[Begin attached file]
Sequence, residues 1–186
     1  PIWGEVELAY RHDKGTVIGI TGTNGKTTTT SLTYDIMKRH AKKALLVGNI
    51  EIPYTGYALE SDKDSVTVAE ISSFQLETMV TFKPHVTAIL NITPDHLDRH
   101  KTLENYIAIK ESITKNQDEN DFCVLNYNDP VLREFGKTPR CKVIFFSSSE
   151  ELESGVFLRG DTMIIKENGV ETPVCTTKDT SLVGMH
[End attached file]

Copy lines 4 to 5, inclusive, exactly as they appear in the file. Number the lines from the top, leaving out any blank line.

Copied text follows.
   101  KTLENYIAIK ESITKNQDEN DFCVLNYNDP VLREFGKTPR CKVIFFSSSE
   151  ELESGVFLRG DTMIIKENGV ETPVCTTKDT SLVGMH